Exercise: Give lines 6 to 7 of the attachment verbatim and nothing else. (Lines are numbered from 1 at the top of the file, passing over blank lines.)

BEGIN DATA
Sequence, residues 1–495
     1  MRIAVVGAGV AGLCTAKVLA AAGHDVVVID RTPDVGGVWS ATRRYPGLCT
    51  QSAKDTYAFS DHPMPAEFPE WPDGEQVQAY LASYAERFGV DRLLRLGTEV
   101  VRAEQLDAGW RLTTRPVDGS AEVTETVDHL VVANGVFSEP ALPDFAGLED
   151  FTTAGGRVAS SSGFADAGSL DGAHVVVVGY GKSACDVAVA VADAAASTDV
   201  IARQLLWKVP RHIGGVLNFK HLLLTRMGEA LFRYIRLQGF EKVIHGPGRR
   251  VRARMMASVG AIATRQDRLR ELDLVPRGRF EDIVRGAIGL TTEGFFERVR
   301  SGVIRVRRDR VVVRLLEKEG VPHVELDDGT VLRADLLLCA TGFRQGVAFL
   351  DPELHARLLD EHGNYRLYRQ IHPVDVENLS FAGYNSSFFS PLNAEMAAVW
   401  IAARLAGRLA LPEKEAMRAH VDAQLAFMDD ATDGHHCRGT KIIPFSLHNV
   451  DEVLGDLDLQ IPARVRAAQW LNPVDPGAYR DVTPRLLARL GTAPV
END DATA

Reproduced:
   201  IARQLLWKVP RHIGGVLNFK HLLLTRMGEA LFRYIRLQGF EKVIHGPGRR
   251  VRARMMASVG AIATRQDRLR ELDLVPRGRF EDIVRGAIGL TTEGFFERVR